Contaminated Flash Storage Supply Could Keep You from Your New Gear Purchase
Just when the ongoing chip shortage was showing signs of easing up, contamination at two different factories has ruined a large supply of flash storage. Should filmmakers be worried?
Both Western Digital and Kioxia, two of the largest providers of solid-state storage in the industry, are both reporting that materials used for creating the flash memory storage were contaminated at their plants in Yokkaichi and Kitakami, Japan.
More than 6.5 million exabytes (6.5 million terabytes) have been affected, but experts say the total number from both factories could reach more than 16 exabytes lost. That amounts to approximately 10% of the total amount of flash memory created every quarter.
If you’re a filmmaker or creative who depends on a mobile device or flash-based storage, this proverbial wrench could have long-term effects on your workflow. Especially if you use gear that requires high-speed cards for 8K, RAW, or high frame rate recording.
The Silver Lining
One possible way that the industry can mitigate another shortage is if other companies like Samsung and Micron can boost production to make up for the expected shortfall. Flash memory is ubiquitous in the industry and is largely the same design from manufacturers. Therefore, electronics manufacturers can pivot from one supplier to another.
Kioxia will be able to fulfill current orders with existing inventory, but warn that shipments will be curtailed in the “near term.”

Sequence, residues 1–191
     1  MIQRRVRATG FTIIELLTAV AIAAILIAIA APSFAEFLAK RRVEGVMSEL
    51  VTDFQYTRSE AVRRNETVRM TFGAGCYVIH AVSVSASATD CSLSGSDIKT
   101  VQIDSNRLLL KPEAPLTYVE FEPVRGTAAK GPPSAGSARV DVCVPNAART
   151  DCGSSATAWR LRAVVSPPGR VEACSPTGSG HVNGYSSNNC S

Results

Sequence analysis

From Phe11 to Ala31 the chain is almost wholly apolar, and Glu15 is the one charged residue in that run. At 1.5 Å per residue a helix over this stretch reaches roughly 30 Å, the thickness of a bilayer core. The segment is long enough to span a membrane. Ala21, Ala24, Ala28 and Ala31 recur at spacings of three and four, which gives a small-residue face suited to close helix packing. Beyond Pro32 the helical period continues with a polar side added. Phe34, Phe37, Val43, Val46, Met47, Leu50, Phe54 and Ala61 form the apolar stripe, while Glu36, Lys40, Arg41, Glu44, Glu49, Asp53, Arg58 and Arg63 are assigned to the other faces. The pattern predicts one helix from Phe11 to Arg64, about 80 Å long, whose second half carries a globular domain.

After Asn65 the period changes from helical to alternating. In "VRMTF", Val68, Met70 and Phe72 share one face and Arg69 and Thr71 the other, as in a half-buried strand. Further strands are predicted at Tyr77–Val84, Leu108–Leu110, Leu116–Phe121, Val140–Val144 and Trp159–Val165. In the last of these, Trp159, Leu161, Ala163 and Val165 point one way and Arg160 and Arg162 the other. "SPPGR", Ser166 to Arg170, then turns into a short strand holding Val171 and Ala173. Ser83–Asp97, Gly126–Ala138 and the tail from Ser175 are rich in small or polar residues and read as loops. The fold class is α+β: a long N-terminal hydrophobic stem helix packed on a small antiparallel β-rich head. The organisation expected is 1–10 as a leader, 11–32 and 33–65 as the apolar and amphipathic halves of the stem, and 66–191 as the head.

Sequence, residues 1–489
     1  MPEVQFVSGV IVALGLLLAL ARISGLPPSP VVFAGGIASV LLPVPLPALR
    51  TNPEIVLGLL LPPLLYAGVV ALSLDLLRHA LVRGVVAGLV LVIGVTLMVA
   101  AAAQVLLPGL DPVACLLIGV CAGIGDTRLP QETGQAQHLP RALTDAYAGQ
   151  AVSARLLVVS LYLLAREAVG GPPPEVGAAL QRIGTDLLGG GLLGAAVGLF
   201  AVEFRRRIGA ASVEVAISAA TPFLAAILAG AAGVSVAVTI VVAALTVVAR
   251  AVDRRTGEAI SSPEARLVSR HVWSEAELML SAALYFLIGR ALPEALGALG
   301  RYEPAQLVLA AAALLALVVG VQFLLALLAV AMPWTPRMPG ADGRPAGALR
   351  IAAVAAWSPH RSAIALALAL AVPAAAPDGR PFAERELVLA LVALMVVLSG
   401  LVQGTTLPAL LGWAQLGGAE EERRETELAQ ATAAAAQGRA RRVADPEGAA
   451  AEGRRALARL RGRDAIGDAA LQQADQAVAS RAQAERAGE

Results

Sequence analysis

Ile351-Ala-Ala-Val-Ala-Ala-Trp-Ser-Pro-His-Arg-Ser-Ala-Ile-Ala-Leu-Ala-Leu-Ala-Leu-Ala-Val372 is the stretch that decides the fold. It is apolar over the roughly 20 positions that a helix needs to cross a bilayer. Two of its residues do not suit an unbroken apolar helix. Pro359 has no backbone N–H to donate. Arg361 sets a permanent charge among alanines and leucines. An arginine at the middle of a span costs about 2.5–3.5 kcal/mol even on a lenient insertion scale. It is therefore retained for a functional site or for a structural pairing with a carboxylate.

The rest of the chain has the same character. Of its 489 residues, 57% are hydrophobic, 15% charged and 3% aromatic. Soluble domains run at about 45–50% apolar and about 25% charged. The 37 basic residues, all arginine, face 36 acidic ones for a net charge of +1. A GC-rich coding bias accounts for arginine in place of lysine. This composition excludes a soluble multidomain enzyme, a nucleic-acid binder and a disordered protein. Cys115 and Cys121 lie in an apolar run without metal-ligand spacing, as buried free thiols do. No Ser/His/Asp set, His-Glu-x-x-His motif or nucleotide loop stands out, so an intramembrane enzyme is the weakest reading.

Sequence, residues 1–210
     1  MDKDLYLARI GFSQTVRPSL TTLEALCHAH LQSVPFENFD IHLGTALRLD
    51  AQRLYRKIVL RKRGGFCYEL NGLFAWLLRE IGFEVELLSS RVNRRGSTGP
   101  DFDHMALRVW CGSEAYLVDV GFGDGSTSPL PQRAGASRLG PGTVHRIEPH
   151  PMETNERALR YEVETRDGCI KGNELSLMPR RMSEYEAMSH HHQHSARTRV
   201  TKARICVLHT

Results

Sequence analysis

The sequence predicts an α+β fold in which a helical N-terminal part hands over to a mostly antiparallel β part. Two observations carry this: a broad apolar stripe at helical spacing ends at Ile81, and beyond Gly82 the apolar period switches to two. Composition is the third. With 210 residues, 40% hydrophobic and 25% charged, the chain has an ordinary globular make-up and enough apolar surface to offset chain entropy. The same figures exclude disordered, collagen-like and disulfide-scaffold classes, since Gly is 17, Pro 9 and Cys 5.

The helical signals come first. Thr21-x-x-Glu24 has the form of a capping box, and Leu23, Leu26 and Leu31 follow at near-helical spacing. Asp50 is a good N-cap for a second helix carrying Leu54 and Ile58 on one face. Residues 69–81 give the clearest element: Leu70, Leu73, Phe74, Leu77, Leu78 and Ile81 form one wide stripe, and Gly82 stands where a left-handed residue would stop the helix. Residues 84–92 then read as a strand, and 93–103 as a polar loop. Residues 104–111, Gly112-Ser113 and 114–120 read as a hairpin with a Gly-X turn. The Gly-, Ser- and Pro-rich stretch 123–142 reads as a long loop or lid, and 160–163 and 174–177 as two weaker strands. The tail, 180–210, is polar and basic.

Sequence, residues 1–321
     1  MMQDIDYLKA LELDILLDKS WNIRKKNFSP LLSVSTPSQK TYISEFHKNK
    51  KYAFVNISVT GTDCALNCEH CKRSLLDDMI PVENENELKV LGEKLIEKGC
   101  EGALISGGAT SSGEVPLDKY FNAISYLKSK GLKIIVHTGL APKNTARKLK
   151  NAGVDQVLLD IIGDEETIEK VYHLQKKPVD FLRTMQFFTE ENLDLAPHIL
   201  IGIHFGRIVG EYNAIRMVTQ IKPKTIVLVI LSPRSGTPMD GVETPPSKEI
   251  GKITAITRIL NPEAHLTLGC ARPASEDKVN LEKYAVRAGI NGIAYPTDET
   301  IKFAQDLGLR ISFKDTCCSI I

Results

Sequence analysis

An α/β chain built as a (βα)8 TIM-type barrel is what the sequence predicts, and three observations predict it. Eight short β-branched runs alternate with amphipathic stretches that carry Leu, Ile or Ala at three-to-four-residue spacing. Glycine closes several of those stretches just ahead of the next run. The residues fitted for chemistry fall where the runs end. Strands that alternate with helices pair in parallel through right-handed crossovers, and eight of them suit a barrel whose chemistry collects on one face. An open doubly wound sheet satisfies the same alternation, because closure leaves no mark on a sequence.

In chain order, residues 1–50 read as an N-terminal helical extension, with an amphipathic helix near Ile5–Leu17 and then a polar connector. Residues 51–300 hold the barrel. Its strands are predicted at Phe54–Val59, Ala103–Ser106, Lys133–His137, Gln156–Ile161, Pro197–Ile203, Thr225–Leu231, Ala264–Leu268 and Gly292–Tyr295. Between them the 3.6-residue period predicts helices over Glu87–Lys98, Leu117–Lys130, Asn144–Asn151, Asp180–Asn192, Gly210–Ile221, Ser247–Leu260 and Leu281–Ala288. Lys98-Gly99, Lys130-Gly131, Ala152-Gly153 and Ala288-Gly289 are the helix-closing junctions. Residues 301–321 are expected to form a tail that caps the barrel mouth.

The good news, though, is that the report from Kioxia says that the contamination is limited to 3D flash modules used in solid-state devices and most likely won’t affect supplies of more conventional 2D NAND flash memory found in portable memory such as compact flash and SD cards.
Credit: Samsung Memory
However, as we said before, some cameras require faster storage media for their high-quality recording formats. 3D flash modules are more than capable of meeting this demand. With this new shortage, things could get worse before they get better.
The news of such an issue will likely trigger more buying to shore up availability, also leading to higher prices on top of what end users are being forced to pay out due to the existing shortage and inflation.
We’re not economists, but if output can’t match the higher demand, prices tend to go up.
“Flash memory prices will rise for sure,” Ace Research Institute analyst Hideki Yasuda told Bloomberg, “further adding fuel to the recent component price hike trend stemming from supply shortages.”
Users should be prepared to pay even more for their flash memory for the foreseeable future. Creatives affected by these issues could resort to shooting at reduced resolution or quality—or they could shoot on film if they’re feeling extra inspired. `